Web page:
with Gentile Jews--which meant that these Christian Jews were not observing
the ordinances regarding clean and unclean foods. However, when some
messengers came from James, the head of the Jerusalem Church Council, these
Christian Jews withdrew from table fellowship with Gentile Christians.
Perhaps, then, Pre-Thomas reflects the perspective of Diaspora Christian
Jews who are trying to balance integrating themselves into Gentile society
with pressure from Palestinian Christian Jews to maintain obedience to at
least the dietary ordinances of the Law.
.When we come to the latest strata material, what we find is a radical
rejection of the Law and, even, the prophets.
See, for example, 52, "His disciples said to Him, "Twenty-four prophets
spoke in Israel, and all of them spoke in You.' He said to them, 'You have
omitted the one living in your presence and have spoken (only) of the dead."
Particularly important is 14, "Jesus said to them, 'If you fast, you will
give rise to sin for yourselves; and if you pray, you will be condemned; and
if you give alms, you will do harm to your spirits. When you go into any
land and walk about in the districts, if they receive you, eat what they
will set before you, and heal the sick among them. For what goes into your
mouth will not defile you, but that which issues from your mouth--it is
that which will defile you.'"
Note that, in 14, the most emphatic rejection of the Law comes with respect
to its dietary ordinances. Those who insist on obeying these dietary
ordinances are dead wrong because what goes into your mouth cannot defile
The rejection of the Law and the prophets in the latest strata material
reflects, I suggest, a Gentile perspective. Further, judging by its
emphatic insistence that the dietary ordinances of the Law are wrong, I
think that it reflects the perspective of Gentile Christians who belong to
the same Christian community as some Jewish Christians who maintain the
legitimacy of these dietary ordinances of the Law.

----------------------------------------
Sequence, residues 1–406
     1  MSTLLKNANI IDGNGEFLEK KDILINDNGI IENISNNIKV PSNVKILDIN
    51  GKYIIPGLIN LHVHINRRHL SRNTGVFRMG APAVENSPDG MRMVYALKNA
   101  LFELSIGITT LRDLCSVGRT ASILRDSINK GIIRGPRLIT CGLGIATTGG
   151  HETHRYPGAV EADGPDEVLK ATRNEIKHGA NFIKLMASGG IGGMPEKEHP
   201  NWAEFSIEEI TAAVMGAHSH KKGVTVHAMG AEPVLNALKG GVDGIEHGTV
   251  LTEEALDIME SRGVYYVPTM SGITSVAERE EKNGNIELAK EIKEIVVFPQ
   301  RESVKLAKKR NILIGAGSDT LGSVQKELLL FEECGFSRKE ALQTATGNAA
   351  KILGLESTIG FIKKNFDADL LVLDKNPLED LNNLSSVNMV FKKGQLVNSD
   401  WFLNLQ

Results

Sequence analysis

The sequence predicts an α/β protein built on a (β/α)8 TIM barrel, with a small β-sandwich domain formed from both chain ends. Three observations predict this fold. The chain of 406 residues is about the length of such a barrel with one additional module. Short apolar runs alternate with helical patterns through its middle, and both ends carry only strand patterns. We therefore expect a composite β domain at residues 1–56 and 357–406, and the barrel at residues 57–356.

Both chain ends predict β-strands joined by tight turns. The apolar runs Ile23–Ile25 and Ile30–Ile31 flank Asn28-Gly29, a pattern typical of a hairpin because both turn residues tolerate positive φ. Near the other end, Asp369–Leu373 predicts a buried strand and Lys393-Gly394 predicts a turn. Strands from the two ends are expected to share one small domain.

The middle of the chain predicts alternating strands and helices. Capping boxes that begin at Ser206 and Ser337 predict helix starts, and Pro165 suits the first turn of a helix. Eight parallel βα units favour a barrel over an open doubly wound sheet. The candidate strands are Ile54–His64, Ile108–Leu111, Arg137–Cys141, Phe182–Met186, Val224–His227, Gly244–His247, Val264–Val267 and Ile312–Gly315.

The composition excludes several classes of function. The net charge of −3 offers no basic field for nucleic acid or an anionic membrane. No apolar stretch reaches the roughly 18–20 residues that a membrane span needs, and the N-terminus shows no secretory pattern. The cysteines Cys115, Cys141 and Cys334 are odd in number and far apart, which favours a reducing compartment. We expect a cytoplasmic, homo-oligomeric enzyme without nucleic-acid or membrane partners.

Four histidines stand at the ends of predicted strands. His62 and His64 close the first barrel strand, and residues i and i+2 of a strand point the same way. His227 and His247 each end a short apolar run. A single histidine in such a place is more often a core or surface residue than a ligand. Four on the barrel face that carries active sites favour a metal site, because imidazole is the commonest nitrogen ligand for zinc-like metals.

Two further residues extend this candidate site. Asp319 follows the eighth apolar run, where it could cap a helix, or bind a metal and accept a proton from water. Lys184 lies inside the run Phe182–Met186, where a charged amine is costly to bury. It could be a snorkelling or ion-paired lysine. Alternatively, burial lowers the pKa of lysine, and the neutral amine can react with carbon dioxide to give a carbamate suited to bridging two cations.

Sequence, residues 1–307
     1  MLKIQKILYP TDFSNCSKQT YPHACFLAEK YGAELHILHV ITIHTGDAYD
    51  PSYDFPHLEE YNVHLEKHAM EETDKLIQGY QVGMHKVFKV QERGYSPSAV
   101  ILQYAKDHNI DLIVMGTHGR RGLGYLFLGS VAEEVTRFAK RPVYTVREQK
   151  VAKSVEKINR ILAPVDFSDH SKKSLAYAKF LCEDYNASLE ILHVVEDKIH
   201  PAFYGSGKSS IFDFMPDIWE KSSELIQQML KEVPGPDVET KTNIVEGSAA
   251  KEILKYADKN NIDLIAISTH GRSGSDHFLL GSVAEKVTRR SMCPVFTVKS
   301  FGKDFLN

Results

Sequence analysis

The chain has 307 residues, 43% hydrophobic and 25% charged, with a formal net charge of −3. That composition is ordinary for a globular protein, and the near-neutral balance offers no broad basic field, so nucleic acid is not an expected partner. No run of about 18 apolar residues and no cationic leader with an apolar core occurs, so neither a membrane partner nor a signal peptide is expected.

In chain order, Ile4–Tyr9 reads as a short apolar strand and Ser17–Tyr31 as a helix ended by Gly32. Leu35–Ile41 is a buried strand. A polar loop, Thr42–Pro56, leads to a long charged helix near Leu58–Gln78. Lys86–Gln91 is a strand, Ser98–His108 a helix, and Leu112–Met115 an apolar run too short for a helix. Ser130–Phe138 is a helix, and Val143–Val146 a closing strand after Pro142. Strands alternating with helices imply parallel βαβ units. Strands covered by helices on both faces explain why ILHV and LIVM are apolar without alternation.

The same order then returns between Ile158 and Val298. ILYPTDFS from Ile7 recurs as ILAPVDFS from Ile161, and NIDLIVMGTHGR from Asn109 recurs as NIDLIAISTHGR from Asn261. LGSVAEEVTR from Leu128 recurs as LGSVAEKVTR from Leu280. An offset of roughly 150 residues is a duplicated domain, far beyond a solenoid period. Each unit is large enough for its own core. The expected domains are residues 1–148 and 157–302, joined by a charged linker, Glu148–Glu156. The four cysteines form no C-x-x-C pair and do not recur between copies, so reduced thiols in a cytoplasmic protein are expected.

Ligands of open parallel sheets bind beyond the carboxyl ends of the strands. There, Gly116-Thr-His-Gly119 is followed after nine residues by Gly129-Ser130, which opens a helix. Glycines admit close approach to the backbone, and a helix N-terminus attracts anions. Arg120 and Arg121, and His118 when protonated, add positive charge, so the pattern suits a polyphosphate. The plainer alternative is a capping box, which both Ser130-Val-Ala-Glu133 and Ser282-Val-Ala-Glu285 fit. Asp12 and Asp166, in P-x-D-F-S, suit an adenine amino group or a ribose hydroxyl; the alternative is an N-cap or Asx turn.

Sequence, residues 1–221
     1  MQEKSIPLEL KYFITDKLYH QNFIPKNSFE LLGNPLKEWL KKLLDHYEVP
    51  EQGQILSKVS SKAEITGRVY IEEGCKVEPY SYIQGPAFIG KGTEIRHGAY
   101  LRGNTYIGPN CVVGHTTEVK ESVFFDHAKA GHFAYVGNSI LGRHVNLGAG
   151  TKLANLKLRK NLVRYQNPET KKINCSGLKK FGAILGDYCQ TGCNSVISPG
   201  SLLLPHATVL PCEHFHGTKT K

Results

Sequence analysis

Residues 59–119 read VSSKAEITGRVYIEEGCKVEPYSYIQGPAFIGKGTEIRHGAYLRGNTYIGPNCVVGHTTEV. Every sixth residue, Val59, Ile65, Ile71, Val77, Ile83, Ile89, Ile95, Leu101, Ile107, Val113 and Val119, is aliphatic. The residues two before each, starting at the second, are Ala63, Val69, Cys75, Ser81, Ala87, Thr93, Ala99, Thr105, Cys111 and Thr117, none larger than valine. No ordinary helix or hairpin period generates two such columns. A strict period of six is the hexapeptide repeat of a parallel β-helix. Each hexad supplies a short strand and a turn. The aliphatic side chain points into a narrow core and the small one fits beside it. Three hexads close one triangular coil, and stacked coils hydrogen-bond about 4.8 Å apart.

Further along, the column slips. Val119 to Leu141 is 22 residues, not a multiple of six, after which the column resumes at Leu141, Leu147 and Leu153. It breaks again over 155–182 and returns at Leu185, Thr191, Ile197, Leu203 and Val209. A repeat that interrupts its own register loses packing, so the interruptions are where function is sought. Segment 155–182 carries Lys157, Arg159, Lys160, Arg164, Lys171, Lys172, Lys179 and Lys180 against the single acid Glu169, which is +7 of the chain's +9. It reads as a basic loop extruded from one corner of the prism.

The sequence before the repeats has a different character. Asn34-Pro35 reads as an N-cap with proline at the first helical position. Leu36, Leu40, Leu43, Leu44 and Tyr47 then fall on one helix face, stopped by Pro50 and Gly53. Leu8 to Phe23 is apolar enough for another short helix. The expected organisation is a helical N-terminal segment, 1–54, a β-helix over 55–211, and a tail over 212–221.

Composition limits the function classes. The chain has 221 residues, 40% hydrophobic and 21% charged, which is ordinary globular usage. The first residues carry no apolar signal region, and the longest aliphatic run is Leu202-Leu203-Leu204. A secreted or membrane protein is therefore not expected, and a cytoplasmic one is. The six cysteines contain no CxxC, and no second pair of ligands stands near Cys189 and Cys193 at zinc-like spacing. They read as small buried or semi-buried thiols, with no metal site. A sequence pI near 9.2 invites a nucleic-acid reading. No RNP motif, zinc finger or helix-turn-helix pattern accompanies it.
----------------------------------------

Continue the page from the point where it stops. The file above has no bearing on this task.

It is in this latest strata material that we find unit 12, which exalts
James the Just.
At first glance, this is difficult to reconcile with the rejection of the
Law found in this material: for James had been known for his zeal in
observing the Law.
However, we need to take into account two things. First, according to Paul
in Galatians, the three pillars (the chief of whom was James) gave him
permission to preach a gospel of freedom from the Law to Gentiles, but to
remember the poor. Second, this would have been music to the ears of
Gentiles rejecting the observance of the Law, particularly those who were
So, I see nothing inconsistent with the latest strata material reflecting
the perspective of Gentiles, most of them poor, who rejected the Law of
Moses, yet also containing an idolization of James: for it is he who had
officially granted Gentile Christians the freedom to not obey the Law and he
had been deeply concerned over the plight of the poor.
So, to conclude, both Proto-Thomas and the latest strata material appear to
reflect a Gentile perspective. Conversely, Pre-Thomas appears to reflect a
Diaspora Jewish perspective.
THREE GROUPS, ONE CHURCH
If all three strata in GTh come from the same church, to be called the
Thomas church, then the Thomas church consisted of three groups.
First, there was a Gentile group from the highest level of society,
particularly rich landowners. They rejected the Law and observed a basic
ethic of being honest and obeying the Golden Rule. It is they who were
responsible for issuing Proto-Thomas. They presumably constituted the
leadership of the Thomas community, with one or more of their residences
used for the worship services.
Second, there was a Diaspora Jewish group, ranging from the middle class to
the poverty-stricken. They were trying to integrate themselves into Gentile
society, and spiritualized the Sabbath and circumcision ordinances of the
Law to justify not observing them. However, perhaps because of pressure
from Palestinian Christian Jews, they maintained obedience to the dietary
ordinances of the Law. It is they who were responsible for Pre-Thomas.
Third, there was a Gentile group, ranging from the middle class to the
poverty stricken. They rejected both the Law and the prophets. It is they
who were responsible for the latest strata material in GThomas.
In this case, on socio-economic issues, the main tension in the Thomas
church was between, on one hand, the rich and powerful leadership and, on
the other hand, the "peons" consisting of those from the middle class down
to the poverty-stricken.
However, in this case, on Jewish-Gentile issues, the main tension in the
Thomas church was between, on hand hand, the Gentiles and, on the other
hand, the Diaspora Jews. This tension would have been greatest during the
Jewish revolt of 66-70 CE..
(Continued in the post VI of a IX post series)